If you’re expecting the expected in Love, Simon, you’re in for a pleasant surprise.
When it was time for the film to start at a recent press screening in Atlanta, a spokesperson gave a shout-out to Riverwood High School, and the theater full of teenagers went bananas. Becky Albertalli, a 2001 graduate of the school, wrote the novel “Love, Simon” is based on, “Simon vs. the Homo Sapiens Agenda,” and she was at the screening.
The film was shot in Atlanta, and director Greg Berlanti (“Brothers and Sisters,” “Riverdale,” all of the CW’s DC Comics series, “Dawson’s Creek,” and more) was in attendance, as were several of the cast members, including lead actor Nick Robinson (“Jurassic World”) and Alexandra Shipp (“X-Men: Apocalypse”).
When Robinson, who plays the title character, was introduced, the crowd went apeshit. The teenager beside me began screaming things like “I love you,” “You’re so hot,” and, my personal favorite, “Sit on my face!” Every time Robinson spoke, the youngman swooned and, as the film was playing, gasped every time Robinson appeared onscreen.
I just turned 45, and it’s impossible to put myself in the shoes of this bi or gay teen, who feels comfortable enough in his own skin to be self-aware, out, and bold. Far from being annoying, it was endearing and heart-warming. That kid might as well have ridden to the theater on a unicorn because his life seems like science fiction to me, but wonderful nonetheless.
Midway through the film, which is as mainstream of a teenage romantic comedy as “Sixteen Candles” or anything else born from the mind of John Hughes, I realize that the strikingly handsome man next to me, with a baseball hat pulled down low over his eyes, is Drew Starkey, one of the cast members of the film. We chatted a few minutes after the screening, and he said it was the first time to see the film all the way through, and that he was amazed at the reaction of the crowd.
As you can imagine, a theater full of teens wasn’t the quietest place … until the film started. They fell silent, as if under a spell. As the film progressed they started emitting quiet reactions of “awwww” in sweet moments, whispering “no” during sad occurrences, and cheering Simon’s triumphs. Normally, all of this would irritate me, but feeling the excitement and support from these teens made a different impact.
I kept thinking, “What if a mainstream film like this had been made when I was a teen? How would my life, and the lives of thousands like me, have been different?” Jennifer Garner and Josh Duhamel – actual movie stars! – play Simon’s parents. This is a huge wide release, not an independent movie that might find its audience and fuller life on video. And it tells the story of a young gay teen!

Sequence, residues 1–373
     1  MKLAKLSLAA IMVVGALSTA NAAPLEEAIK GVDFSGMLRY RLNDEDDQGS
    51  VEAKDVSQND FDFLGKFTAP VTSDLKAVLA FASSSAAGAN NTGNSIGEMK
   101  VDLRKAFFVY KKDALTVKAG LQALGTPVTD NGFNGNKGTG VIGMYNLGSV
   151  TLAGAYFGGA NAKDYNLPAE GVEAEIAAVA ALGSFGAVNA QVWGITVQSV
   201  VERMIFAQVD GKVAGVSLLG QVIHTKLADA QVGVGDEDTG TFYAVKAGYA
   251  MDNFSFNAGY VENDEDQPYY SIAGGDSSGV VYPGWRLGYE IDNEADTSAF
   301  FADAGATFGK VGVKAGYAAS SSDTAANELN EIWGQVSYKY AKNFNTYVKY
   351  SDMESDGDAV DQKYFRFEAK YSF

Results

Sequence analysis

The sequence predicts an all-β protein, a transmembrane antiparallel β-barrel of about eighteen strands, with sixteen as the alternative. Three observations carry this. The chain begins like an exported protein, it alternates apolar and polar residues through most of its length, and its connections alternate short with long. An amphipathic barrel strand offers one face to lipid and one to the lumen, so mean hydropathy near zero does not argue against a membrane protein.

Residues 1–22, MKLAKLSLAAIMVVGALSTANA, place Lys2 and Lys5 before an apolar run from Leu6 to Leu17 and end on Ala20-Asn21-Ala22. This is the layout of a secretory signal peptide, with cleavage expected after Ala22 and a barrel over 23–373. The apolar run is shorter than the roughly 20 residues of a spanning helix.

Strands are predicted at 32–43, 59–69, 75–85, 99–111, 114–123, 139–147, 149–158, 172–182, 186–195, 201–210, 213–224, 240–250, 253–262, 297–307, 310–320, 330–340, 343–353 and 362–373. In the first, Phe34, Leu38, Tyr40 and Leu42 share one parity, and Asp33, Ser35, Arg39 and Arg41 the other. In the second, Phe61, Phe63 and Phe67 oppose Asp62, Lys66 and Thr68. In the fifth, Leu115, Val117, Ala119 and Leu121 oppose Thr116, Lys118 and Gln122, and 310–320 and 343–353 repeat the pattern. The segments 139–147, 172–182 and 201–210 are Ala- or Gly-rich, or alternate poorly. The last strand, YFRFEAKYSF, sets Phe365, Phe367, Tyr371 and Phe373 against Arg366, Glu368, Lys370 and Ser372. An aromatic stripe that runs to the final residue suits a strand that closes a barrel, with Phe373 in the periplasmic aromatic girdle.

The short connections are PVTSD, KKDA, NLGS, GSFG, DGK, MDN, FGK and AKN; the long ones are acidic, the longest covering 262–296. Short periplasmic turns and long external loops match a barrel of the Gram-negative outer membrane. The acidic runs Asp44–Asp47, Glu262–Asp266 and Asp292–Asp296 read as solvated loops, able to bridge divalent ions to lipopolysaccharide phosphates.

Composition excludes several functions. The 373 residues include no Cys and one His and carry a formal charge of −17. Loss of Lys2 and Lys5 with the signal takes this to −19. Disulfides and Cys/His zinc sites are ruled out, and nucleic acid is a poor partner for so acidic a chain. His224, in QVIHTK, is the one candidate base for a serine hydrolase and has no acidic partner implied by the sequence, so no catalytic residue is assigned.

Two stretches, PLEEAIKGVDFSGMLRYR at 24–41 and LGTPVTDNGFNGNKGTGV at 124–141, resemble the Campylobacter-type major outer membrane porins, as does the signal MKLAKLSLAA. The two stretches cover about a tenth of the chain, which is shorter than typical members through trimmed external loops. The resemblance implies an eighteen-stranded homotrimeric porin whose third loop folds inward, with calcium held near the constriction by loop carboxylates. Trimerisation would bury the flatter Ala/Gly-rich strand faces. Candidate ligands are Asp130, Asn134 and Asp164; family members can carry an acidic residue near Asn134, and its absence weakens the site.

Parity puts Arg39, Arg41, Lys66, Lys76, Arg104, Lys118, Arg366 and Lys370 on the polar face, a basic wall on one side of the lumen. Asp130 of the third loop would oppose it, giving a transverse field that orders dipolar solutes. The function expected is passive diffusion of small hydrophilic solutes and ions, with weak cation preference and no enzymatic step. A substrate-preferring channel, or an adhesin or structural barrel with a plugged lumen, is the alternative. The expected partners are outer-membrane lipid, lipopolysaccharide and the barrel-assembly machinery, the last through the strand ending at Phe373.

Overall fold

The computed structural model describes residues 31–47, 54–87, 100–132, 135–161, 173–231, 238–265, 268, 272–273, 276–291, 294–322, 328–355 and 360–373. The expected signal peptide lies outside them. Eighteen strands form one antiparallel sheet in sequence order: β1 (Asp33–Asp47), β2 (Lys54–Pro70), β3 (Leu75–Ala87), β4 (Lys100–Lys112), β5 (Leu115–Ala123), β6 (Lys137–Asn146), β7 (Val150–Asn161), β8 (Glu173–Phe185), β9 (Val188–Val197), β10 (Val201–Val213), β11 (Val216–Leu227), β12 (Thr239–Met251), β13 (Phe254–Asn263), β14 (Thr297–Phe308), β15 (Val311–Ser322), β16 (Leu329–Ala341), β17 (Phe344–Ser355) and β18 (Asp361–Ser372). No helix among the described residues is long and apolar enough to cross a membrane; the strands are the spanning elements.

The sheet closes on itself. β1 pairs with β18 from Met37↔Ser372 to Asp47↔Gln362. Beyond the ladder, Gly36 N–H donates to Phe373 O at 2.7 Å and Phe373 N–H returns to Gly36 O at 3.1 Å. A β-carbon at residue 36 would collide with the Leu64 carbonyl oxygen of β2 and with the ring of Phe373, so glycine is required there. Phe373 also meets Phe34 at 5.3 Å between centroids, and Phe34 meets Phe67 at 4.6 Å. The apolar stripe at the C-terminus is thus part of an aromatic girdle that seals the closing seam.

After the screening, I thought about the young actor who got to see the finished product with a theater full of kids from the high school that inspired the source material. He got to hear their cheers and feel their personal, uplifting energy. I hope their enthusiasm informs his career and future.
I also thought about the queer teen sitting next to me, living an authentic life at such a young age. I’m glad he won’t have to go his whole adolescence without seeing a relatable story onscreen. I’m glad he has peers who cheered for the gay protagonist.
I was moved to tears several times during the evening, touched by how accepting and positive the crowd was. I hope the real Atlanta can become more like the Atlanta in the film, and that all the teens like Simon hear more cheers in their lives.
Love, Simon opens in wide release across Atlanta on March 16.
Queering TV: The future of Gay Y.A.?
By Jon Dean
In addition to the release of Love, Simon, one of the most revered high school cult films, Heathers, got the TV reboot treatment with a full season order from Paramount Network. The 1988 Winona Ryder classic, full of iconic lines like “Fuck me gently with a chainsaw” and “I love my dead gay son” left no fan thrilled by the idea of another watered down reboot, but no could’ve expected the firestorm of angry think-pieces this show has received since critics received their screener copies.
Much of the criticism stems from the fact that the new “Heathers” are comprised of queer and genderfluid characters. It subverts audience expectations by turning the misfits into the popular kids who wield their identities like weapons and take no prisoners. Some queers are upset, too, as we all know this is not the reality for most LGBTQ high-schoolers.
Having seen just the pilot, I thought it was refreshing to see subversive new layers of queer representation. In a media landscape full of Cam & Mitchells, where lesbian characters are constantly being plucked off and trans characters seem to be incapable of doing anything except crying into mirrors (and played by cis actors), it’s exciting to watch.
Also, the call is coming from inside the house, y'all — the staff of this show is mostly queer. Let's learn to laugh at ourselves once in awhile. Give me more queer villains! And I’m not talking about the coded queer Disney villains. I want more full-on Divine level fabulous villains, who look good and revel in their wicked dysfunction.
In light of the recent Parkland school shooting, the series is postponed, but the pilot episode is free on the Paramount Network.
[Over on Netflix, Everything Sucks is yet another look at a queer-inclusive high school, this time with less uproar at least from the home team audience, but just as much attention from conservative critics. On it, a lesbian character on the crux of coming out is treated as just another member of the main-cast anti-heroes – with authentic, heartwarming results. – Editor]
A version of these articles originally appeared in Q magazine. Pick up your hard copy at venues around town, and read the digital version below.